16. CHAPTER 2 Exploring Relational Database Components 45 table. We need the database to prevent new rows from being added to the Orders ta- ble if the Account Receivable row for the customer has an overdue amount that is greater than zero. A trigger is a module of programming logic that “fires” (executes) when a particular event in the database takes place. In this example, we want the trig- ger to fire whenever a new row is inserted into the Orders table. The trigger obtains the overdue amount for the customer from the Account Receivable table (or wherever the column is physically stored). If this amount is greater than zero, the trigger will raise a database error that stops the insert request and causes an appropriate error message to be displayed. In Microsoft Access, triggers may be written as macros using the Microsoft Visual Basic for Applications language. Some RDBMSs provide a special language for writing program modules such as triggers: PL/SQL in Oracle, and Transact SQL in Microsoft SQL Server and Sybase. In other RDBMSs, such as DB2, a generic pro- gramming language such as C may be used. Views A view is a stored database query that provides a database user with a customized subset of the data from one or more tables in the database. Said another way, a view is a virtual table because it looks like a table and for the most part behaves like a table, yet it stores no data (only the defining query is stored). The user views form the ex- ternal layer in the ANSI/SPARC model. During logical design, each view is created using an appropriate method for the particular database. In many RDBMSs, a view is defined using SQL. In Microsoft Access, views are called queries and are created using the Query panel. Figure 2-12 shows the Microsoft Access definition of a simple view that lists active products. The view in Figure 2-12 displays only two columns from a table that contains ten columns. Furthermore, rows for discontinued products are not displayed in the view by virtue of the “No” in the criteria row for the Discontinued column. We explore the Microsoft Access Query panel in detail in Chapter 3. Views serve a number of useful functions: • Hiding columns that the user does not need to see (or should not be allowed to see) • Hiding rows from tables that a user does not need to see (or should not be allowed to see) • Hiding complex database operations such as table joins • Improving query performance (in some RDBMSs, such as Microsoft SQL Server)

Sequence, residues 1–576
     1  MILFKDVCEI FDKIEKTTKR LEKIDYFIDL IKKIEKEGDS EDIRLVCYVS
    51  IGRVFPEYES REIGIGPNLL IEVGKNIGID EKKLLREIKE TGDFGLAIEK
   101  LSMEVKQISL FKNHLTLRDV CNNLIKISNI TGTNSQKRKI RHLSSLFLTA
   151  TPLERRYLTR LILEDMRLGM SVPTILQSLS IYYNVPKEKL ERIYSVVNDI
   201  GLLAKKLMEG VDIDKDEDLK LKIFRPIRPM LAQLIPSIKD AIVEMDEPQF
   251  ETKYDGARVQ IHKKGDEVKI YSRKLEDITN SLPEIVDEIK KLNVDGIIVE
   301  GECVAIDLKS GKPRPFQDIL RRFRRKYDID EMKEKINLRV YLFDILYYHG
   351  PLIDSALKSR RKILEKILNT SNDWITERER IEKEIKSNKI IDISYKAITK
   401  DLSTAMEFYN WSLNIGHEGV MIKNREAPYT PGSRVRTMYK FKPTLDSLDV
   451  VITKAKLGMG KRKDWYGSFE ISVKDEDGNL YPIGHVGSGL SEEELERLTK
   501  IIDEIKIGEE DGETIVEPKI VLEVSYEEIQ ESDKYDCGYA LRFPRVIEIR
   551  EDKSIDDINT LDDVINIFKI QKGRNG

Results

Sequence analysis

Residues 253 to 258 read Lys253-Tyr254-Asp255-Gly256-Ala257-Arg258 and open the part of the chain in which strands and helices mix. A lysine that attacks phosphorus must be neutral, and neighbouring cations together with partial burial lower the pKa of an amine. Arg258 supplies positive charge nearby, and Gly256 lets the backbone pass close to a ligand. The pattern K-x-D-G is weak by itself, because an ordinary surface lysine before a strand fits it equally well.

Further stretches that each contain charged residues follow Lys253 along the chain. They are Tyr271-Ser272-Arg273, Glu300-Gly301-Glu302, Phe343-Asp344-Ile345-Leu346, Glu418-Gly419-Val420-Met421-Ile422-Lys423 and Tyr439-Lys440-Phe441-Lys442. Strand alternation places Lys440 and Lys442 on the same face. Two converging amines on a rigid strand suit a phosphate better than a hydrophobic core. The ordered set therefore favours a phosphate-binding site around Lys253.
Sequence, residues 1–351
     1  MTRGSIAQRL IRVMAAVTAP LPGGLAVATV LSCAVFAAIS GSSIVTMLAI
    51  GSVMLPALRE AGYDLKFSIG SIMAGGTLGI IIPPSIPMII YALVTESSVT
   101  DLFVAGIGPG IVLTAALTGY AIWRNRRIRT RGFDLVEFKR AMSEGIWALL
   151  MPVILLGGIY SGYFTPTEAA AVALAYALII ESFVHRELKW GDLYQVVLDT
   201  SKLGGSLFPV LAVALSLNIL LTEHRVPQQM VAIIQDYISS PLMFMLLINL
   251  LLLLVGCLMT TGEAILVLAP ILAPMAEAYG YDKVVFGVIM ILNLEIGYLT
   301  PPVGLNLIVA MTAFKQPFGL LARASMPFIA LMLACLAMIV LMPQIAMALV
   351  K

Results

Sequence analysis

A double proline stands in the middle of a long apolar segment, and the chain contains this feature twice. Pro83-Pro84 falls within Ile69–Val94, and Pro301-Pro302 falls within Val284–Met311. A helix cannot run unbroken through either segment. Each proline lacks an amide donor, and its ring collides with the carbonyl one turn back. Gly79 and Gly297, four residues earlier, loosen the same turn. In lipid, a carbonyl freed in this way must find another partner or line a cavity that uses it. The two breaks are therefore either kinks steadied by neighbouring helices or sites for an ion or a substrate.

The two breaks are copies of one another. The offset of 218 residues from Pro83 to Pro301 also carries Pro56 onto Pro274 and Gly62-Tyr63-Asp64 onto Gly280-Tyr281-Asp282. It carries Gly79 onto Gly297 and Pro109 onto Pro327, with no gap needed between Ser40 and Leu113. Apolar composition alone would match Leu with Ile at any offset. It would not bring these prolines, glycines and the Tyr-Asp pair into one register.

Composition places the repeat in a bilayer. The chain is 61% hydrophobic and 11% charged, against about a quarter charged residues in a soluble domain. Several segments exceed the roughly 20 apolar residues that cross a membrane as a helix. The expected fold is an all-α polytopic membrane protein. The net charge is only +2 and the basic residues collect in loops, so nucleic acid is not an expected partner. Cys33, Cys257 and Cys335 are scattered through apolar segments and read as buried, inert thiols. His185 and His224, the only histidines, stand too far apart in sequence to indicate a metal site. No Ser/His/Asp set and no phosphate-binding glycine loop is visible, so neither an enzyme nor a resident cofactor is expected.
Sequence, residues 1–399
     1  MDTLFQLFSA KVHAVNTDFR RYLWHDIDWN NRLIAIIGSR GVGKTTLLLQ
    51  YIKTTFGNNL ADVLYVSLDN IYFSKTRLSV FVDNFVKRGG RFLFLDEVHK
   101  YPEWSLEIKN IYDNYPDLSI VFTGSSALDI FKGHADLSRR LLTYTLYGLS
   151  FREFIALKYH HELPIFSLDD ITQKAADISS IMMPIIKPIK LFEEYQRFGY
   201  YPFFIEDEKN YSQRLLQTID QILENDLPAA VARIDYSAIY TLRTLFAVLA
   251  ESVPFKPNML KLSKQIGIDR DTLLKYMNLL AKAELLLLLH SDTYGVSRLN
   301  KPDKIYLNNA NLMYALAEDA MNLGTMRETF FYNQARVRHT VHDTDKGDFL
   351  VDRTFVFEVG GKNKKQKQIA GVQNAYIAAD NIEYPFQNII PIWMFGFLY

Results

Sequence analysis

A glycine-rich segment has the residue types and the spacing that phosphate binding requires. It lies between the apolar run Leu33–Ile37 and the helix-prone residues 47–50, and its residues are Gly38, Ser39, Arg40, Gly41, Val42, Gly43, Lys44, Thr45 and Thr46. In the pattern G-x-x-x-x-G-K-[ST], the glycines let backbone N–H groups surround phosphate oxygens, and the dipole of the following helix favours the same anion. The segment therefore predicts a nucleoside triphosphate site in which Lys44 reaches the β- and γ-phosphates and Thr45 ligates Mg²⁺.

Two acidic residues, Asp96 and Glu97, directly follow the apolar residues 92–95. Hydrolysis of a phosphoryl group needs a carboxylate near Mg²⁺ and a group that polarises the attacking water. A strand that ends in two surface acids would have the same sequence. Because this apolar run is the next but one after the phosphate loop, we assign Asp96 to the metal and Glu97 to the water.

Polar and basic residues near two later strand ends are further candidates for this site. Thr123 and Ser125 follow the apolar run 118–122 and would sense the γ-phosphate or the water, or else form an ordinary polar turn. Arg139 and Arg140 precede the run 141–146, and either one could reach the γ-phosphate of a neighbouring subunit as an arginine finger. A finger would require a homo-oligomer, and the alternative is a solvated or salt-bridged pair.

17. Databases Demystified 46 Figure 2-12 Microsoft Access view, list of active products Quiz Choose the correct responses to each of the multiple-choice questions. Note that there may be more than one correct response to each question. 1. Examples of an entity are a. A customer b. A alphabetical listing of products c. A customer order d. An employee’s paycheck e. A customer’s name 2. Examples of an attribute are a. An employee b. An employee’s name c. An employee’s paycheck d. An alphabetical listing of employees e. An employee’s birth date